We Are Here: The Faces of Weightless Anchor, Part 2
"We are here." It's a phrase that's been echoed by single moms and in city chambers and around encampments, and we couldn't get it out of our heads.
These are the stories of those experiencing and fighting housing insecurity here in Cincinnati. We believe telling stories changes things. We believe listening changes things. We promised the community that we would tell their stories. It's up to you to listen. Visit womenofcincy.org/housing for the full series.
This is Part 2 of the story of our time at Weightless Anchor. In Part 1, Director Cassy Booker talks about what Weightless Anchor is all about; in Part 3, we chat with Steph as she watches a movie.
A few days a week, Weightless Anchor opens its doors to offer free food, laundry, showers, clothes, and friendships to the women of East Price Hill. On a hot day in July, they also opened their doors to us.
While we wait outside, members of the community amble past and glance from us to the Weightless Anchor house, and I wonder if they think of us as newcomers infringing on their community. Standing there, I feel anything but weightless; our time is weighted as we hope to grasp the stories of the women here in just three short hours.
With her hair thrown up into a bun, Cassy, the director, greets us. As she unlocks the door and we help unload boxes of clothes from her car, she shares the story of Weightless Anchor.
The house is a kaleidoscope of calming colors: taupes, cool aquas, grays, and dark wood. Popular movies adorn the fireplace mantle, but I’m drawn to a frame on the wall filled with Polaroids of women in Halloween costumes and pennants saying, “You are loved.”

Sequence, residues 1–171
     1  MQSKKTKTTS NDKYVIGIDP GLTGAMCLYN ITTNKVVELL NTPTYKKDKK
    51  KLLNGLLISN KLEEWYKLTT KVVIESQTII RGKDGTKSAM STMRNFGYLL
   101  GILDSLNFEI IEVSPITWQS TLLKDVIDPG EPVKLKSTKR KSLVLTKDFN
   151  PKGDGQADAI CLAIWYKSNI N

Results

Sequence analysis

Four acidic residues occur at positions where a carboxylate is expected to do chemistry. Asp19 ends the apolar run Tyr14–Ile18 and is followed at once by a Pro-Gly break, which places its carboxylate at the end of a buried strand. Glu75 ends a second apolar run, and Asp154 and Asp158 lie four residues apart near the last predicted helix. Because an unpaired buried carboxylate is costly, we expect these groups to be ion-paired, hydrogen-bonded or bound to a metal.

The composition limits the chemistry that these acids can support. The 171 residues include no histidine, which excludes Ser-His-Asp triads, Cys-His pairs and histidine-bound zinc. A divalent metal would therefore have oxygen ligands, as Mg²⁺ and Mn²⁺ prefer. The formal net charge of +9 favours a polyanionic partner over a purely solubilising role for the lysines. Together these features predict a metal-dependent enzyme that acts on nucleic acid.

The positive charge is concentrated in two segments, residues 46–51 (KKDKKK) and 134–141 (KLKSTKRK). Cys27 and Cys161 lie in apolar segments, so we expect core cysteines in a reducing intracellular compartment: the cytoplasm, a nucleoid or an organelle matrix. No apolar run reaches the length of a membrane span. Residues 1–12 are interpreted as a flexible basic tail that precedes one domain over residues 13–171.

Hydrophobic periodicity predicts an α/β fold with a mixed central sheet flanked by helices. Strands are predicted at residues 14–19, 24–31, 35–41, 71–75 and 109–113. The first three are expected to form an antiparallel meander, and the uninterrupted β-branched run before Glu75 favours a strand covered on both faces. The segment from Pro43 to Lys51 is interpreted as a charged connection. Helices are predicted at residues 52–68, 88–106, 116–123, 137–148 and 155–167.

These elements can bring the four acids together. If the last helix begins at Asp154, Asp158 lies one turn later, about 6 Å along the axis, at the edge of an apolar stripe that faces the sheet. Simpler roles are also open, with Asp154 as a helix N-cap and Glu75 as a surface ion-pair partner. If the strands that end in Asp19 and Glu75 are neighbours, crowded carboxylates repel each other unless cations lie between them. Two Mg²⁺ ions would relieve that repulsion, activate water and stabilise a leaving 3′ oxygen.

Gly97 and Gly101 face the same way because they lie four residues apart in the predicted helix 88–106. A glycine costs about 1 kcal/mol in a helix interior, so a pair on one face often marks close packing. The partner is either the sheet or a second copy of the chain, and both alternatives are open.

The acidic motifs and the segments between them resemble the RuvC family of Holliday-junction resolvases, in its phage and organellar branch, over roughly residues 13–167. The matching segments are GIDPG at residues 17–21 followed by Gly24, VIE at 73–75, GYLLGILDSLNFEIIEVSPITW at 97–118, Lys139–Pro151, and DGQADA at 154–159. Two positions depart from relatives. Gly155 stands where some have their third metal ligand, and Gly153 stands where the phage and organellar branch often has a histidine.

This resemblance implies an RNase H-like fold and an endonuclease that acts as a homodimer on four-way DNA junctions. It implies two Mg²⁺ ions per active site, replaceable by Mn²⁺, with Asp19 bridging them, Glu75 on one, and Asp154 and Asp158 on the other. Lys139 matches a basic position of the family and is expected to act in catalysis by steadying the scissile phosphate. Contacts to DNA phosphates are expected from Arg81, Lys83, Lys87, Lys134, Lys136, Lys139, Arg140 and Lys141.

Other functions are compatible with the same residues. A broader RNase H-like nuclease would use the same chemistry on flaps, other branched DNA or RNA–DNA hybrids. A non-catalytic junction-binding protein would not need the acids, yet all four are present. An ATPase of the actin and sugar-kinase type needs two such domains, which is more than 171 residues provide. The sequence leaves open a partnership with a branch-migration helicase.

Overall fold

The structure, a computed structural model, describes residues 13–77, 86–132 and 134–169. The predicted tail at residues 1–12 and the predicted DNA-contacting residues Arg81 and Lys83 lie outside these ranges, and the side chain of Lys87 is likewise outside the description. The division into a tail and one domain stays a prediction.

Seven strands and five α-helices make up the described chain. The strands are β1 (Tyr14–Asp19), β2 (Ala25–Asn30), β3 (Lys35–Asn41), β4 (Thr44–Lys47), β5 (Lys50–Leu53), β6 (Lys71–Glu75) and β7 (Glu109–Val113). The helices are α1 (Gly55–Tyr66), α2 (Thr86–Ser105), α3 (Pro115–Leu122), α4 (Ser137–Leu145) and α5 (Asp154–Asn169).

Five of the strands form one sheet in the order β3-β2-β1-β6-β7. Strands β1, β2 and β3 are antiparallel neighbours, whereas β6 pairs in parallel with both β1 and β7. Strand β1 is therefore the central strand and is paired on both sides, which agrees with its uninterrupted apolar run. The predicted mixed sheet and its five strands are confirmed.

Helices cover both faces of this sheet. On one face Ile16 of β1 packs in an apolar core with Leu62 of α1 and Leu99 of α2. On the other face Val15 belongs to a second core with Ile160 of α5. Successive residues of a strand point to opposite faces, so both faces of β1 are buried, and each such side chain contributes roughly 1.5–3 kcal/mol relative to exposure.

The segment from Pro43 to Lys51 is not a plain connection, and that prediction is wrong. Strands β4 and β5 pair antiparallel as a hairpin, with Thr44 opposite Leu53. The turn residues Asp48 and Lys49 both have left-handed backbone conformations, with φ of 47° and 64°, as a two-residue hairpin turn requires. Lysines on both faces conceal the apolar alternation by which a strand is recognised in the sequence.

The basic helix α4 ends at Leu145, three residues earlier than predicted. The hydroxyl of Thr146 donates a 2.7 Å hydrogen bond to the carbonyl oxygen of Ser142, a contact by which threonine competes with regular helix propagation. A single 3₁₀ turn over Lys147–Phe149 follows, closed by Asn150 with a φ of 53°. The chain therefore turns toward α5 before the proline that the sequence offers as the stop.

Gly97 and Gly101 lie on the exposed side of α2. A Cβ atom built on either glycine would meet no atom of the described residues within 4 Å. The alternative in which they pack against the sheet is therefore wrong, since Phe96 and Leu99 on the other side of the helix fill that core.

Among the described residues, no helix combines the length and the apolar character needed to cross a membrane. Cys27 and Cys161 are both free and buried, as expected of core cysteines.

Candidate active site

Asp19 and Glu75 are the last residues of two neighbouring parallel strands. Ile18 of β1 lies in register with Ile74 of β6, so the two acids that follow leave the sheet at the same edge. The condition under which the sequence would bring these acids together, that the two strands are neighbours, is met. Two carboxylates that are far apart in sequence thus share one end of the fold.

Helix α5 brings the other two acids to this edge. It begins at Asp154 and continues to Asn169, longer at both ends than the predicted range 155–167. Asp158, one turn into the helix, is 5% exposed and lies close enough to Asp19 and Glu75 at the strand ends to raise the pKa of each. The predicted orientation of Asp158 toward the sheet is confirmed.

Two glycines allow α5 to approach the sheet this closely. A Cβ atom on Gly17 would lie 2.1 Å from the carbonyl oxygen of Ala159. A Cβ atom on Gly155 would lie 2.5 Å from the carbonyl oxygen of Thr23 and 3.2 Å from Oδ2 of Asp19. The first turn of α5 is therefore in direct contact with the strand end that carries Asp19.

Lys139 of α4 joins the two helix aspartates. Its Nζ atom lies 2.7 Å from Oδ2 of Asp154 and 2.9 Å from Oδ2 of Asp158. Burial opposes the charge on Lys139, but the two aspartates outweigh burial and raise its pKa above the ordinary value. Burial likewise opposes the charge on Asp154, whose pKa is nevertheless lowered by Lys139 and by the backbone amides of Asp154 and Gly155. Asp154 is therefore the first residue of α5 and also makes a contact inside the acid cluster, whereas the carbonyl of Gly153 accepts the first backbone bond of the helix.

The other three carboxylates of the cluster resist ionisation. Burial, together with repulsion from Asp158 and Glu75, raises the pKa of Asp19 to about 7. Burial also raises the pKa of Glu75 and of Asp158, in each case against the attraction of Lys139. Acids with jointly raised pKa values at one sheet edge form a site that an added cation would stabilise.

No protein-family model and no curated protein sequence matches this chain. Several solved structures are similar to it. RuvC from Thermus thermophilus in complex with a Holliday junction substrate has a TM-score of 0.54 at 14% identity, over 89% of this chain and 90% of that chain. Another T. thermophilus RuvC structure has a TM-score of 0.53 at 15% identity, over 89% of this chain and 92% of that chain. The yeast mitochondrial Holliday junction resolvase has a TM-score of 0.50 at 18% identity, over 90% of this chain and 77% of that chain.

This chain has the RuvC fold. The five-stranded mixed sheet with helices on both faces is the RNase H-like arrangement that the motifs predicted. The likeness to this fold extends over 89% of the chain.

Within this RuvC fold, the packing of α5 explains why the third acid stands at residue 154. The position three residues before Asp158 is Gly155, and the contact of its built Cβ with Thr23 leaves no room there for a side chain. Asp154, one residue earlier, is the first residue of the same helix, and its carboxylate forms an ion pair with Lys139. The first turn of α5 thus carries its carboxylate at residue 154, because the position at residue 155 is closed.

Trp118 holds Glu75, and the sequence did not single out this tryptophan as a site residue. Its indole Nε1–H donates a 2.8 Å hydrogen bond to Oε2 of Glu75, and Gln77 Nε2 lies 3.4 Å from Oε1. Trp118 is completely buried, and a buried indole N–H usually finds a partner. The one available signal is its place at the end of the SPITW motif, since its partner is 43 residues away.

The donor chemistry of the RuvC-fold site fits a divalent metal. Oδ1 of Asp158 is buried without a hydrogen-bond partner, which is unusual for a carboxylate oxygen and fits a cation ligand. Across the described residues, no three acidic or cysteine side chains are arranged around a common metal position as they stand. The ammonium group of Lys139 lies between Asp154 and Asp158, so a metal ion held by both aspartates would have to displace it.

We settle around the wooden table, and at noon the first woman strolls in wearing a black tank top with her hair in a pile of auburn curls. After we introduce ourselves and state what we’re there for, she picks out a movie – “The Mountain Between Us” – and relaxes into the couch. Her name is Steph, and she seems mostly content to bask in the silence between conversations, but we chat for a few minutes.
Soon, two blonde women stroll in, Mercedes and Kay, and join us at the table. What follows is a three-hour conversation interwoven with the best places to find margaritas, interactions with animals, and memories that make us laugh, cry, and cringe.
Kay and Mercedes have known each other for eight years, when Mercedes started dating Kay’s oldest son, Allen. With this knowledge on the table, it becomes clear that Kay and Mercedes’ ability to finish each other's sentences is second nature.
Mercedes describes meeting Allen: “We were in school. We met when we were 11, but I didn't start dating him until we were older. I was always interested in him, but at first I thought he was a weirdo," she laughs. "He came up to me when I was walking to school and was like, ‘You wanna see something that's really cool?’ And I'm like, ‘Sure, why not, man?’ And he comes over and he flips open his phone, and there's a naked chick on his front screen. I'm like, 'Yeah, that's just so awesome.’”
“Yep,” Kay chuckles, “that was Allen.”
Now, Mercedes and Allen have a two-year-old son named Hesher. Together, they live with Kay and Allen’s best friend in an apartment. But before they had an apartment together, both Kay and Mercedes faced homelessness, and even now, it’s close quarters.
“I know the struggle,” Kay shares with us: “how hard it is to try and find housing, and it's like, people, you know, they want to run your background. I don't have a good background. I've had my mistakes in life, you know? And landlords – they want to do background checks and everything like that – and they just kind of frown upon me. But I've looked over here in Ohio; I've looked in Kentucky, and they want all these different things. They want 10 years of your residence. And you're not allowed to have no evictions or nothing like that, and it's like – no wonder there's so many homeless people. For real, there's no reason.”
“I was downtown sometime,” Mercedes tells us, “and I needed a quarter to get on the bus. I asked every business person I could – because I knew one of 'em must have a quarter, right? All of them said no! I walked by this homeless guy; he's like, ‘You're trying to get on the bus? You need a quarter?’ I was like, ‘Yeah.’ He's like, ‘Here. I have a quarter.’ I'm like, ‘I don't want to take from the homeless guy! I can't take his quarter. I can't do that.’” She pauses. “But he ended up helping me get home.”